Biomedical treatments can be used to manage the symptoms of withdrawal so a person can safely discontinue use. Addiction to opioids and heroin can be treated by using biomedical treatments such as methadone. Methadone is a drug that targets similar areas in the brain as heroin and other opiate drugs to suppress withdrawal symptoms and relieve cravings. Methodone is still an addictive drug and can still be abused. Therefore, the treatment requires a person to go to a clinic or hospital to receive their dose rather than administering it themselves and risking misuse. Some people have to stay on methadone forever. however, others are able to successfully become drug-free.

Biomedical Treatment of Disorders - Key takeaways

  • Biomedical therapy refers to treatments that affect the brain's chemistry to reduce psychological symptoms.
  • The different types of biomedical therapy include lifestyle changes, drug therapies, neurostimulation therapies, and psychosurgery.
  • Psychopharmacologyis the study of the effect of drugs on the mind and behavior.
    • Antipsychotic drugs are known to have the most dramatic effects in treating people with severe psychological disorders such as schizophrenia.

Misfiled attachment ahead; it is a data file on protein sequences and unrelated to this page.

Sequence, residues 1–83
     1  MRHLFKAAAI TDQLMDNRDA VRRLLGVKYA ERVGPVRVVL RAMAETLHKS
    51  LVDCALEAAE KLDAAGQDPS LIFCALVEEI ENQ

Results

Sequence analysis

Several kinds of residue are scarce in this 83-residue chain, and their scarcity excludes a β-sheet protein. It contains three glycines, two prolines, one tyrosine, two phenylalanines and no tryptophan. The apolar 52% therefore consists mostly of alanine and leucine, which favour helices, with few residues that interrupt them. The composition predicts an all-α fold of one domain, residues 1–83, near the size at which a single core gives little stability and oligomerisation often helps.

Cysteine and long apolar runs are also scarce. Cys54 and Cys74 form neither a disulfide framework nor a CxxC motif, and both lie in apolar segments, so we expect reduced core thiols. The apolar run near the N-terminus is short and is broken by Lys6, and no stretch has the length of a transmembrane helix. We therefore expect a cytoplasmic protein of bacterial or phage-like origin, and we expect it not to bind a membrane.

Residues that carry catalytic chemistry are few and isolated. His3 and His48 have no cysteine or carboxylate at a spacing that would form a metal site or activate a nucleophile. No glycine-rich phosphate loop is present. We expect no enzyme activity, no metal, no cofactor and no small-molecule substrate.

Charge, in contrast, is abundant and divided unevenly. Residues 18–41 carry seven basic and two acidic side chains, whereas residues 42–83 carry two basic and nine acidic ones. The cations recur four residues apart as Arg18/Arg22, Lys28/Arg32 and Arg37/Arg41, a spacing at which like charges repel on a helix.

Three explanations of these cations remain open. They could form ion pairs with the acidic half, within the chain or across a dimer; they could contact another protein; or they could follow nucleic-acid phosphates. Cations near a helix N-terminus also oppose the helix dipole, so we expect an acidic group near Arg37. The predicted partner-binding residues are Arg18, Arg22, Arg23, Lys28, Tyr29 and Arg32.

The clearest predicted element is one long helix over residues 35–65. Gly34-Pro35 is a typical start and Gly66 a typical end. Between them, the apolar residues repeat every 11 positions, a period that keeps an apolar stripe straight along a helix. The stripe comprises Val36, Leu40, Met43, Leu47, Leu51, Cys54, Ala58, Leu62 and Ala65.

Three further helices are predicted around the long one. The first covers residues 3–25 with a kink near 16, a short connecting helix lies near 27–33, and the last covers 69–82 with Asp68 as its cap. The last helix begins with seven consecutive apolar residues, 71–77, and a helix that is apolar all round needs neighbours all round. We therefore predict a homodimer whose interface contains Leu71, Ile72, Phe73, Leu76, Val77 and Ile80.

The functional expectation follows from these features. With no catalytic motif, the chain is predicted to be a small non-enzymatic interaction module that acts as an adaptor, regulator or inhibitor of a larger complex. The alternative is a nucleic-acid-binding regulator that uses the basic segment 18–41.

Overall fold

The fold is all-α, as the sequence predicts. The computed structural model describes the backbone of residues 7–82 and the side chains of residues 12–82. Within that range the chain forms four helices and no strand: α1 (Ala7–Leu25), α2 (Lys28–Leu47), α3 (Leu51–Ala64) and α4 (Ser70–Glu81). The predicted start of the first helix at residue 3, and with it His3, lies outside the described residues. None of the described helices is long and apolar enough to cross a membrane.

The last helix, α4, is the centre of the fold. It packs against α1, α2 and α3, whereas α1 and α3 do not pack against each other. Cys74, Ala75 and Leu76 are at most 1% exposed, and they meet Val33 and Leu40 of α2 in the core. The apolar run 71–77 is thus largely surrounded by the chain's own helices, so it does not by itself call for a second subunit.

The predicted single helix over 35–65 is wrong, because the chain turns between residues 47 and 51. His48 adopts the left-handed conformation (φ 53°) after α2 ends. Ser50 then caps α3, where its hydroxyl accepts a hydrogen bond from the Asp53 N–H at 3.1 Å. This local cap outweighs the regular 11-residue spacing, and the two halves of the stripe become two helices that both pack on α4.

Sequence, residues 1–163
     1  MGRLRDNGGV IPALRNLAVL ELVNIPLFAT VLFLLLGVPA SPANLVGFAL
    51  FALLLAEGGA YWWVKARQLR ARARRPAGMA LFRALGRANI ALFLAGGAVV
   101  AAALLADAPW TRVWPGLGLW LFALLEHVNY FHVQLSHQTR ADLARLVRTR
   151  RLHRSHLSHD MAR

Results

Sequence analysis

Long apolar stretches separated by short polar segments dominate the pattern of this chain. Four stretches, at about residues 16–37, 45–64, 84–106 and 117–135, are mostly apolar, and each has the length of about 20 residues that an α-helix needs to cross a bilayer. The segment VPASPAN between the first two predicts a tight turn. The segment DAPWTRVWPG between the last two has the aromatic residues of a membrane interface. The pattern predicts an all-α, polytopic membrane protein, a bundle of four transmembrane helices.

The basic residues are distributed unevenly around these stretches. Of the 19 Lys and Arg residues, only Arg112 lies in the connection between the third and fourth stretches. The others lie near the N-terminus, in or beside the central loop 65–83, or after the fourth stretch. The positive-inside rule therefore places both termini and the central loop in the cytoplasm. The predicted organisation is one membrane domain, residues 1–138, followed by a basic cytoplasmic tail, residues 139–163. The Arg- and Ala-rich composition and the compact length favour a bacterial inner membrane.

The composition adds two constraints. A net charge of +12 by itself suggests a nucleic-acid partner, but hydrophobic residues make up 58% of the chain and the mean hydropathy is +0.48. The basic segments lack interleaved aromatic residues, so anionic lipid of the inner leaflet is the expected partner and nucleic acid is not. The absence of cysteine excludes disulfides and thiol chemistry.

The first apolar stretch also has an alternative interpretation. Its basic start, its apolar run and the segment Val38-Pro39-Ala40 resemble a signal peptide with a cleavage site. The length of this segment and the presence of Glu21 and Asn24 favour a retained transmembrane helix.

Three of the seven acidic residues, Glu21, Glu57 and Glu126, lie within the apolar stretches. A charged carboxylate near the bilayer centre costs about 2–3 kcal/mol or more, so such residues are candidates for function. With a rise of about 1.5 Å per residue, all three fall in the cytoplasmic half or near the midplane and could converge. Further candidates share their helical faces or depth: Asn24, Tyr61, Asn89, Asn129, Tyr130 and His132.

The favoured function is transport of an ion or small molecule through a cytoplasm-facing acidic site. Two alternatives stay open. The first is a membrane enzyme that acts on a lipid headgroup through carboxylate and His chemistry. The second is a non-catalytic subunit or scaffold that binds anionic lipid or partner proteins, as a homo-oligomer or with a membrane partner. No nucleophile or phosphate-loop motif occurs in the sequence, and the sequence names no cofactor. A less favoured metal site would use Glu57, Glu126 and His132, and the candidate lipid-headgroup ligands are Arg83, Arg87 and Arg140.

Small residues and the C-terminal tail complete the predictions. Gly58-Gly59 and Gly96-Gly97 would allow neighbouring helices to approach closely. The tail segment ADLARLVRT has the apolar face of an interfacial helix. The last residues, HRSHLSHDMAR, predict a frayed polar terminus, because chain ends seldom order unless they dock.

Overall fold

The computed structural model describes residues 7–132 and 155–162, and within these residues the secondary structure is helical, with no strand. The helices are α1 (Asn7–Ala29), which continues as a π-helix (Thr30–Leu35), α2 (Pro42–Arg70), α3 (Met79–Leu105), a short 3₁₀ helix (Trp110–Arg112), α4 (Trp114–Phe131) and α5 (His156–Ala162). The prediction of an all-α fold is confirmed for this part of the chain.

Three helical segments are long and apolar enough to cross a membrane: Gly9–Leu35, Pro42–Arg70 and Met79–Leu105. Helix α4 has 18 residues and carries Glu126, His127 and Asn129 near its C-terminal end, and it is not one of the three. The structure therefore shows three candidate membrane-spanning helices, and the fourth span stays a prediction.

• Antianxiety drugs as a biomedical treatment have helped reduce the symptoms of post-traumatic stress disorder (PTSD) and obsessive-compulsive disorder by reducing a person's learned fears.
    • Although antidepressant drugs were originally developed to treat depression, they may also be used to treat anxiety, OCD, and PTSD.
  • While it is not quite as dramatic and no longer involves convulsions, electroconvulsive therapy (ECT), uses an electric shock to manipulate the brain.
  • Psychosurgery is the surgical treatment of mental illness involving the removal or destruction of brain tissue.

References

  1. Habel, U., Koch, K., Kellerman, T., Reske, M., Frommann, N., Wolwer, W., . . . Schneider, F. (2010). Training of affect recognition in schizophrenia: Neurobiological correlates. Social Neuroscience, 5, 92–104. (p. 751)